“What seems to be different about the teen market as opposed to adult fiction is that young, first-time authors have a wide-open opportunity to sell like gangbusters,” Katz said.
Roth was in college when she began writing “Divergent,” the first book in a trilogy that will conclude next year. The series, which has sold 2 million copies since it began in May 2011, was recently optioned by Summit Entertainment, the production studio that brought Meyer’s “Twilight” saga to the big screen.
Although overshadowed by the crossover appeal and attention paid to young adult books, the middle-grade, or tween, category for readers ages 8 to 12 is drawing a growing number of talented authors.
More than half the books listed on industry magazine Publishers Weekly’s most recent bestseller lists for children’s fiction fall into this category. A slew of celebrities are now penning books for tweens, including James Patterson with his “Middle School” series, John Grisham with “Theodore Boone” and Colin Meloy of indie rock band the Decemberists, whose “Wildwood” series has been optioned by Laika Studios and who continues with a second book next month that takes his young protagonists into a fairy-tale underground realm in “Under Wildwood.”
This fall also sees the release of several highly anticipated sequels in bestselling series, including new installments in Kinney’s “Diary of a Wimpy Kid,” Dav Pilkey’s “Captain Underpants” and “Big Nate” by Lincoln Peirce.
Scholastic is launching a new multimedia series for tweens that can be experienced as a book, video game or both, similar to the publisher’s bestselling “39 Clues” series.
Another big factor behind increasing sales for children’s books is the popularity of e-books. At the young adult level, e-books are mostly digitized versions of print books. For middle-grade readers, said HarperCollins’ Katz, digital content does well only when it’s “enhanced” and deepens the experience and connections kids have with well-known characters, such as “Warriors” and “Big Nate.”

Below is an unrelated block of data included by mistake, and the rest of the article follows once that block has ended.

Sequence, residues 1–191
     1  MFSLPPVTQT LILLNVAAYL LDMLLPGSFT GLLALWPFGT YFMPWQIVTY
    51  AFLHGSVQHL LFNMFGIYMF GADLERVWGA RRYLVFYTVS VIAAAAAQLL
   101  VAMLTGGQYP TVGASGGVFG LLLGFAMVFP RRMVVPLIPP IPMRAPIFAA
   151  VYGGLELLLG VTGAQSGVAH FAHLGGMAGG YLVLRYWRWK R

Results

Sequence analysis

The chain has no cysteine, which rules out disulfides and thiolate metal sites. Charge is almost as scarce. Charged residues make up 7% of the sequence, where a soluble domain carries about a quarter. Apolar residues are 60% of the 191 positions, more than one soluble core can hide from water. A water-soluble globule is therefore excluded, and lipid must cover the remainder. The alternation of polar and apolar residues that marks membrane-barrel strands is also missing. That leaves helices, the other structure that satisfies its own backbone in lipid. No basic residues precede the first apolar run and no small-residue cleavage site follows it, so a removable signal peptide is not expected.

Though print picture books are selling well, many picture book publishers have been slow to embrace digitization, driven in part by parents’ reluctance to place a $400 e-reader device in the hands of a toddler, who might drop it.
“There’s a desire among parents to spend time reading physical books with their kids,” said John Mendelson, senior vice president of sales and digital initiatives for Candlewick, which will publish “This Is Not My Hat,” a follow-up to Jon Klassen’s picture book “I Want My Hat Back,” this fall. “There’s a real tactile element to that engagement — sitting together and turning the page with a book in your lap. Not that it can’t be done on an iPad, but there are a lot of distractions inherent with a tablet. Little kids know with the touch of a button they can be looking at a movie or playing a game.”
What’s selling for Candlewick are classics and contemporary crossovers with a modern aesthetic and a sense of humor.
For Sharon Hearn, owner of Children’s Book World in West L.A., every genre has been flourishing in recent months. The store had suffered such steep sales declines between 2008 and 2011 that Hearn, who’s run the shop for 25 years, didn’t take a salary for almost two years.
But “the first two quarters of this year have been the highest we’ve had in three years,” said Hearn, adding that picture books are her bestsellers because publishers are being more selective and producing higher-quality titles that appeal to older, more affluent parents who are willing to invest in books.
What titles is Hearn looking forward to in the fall?
The new Jamie Lee Curtis picture book, “My Brave Year of Firsts,” and Pilkey’s latest “Captain Underpants” installment, which she says the store will celebrate by hosting signings.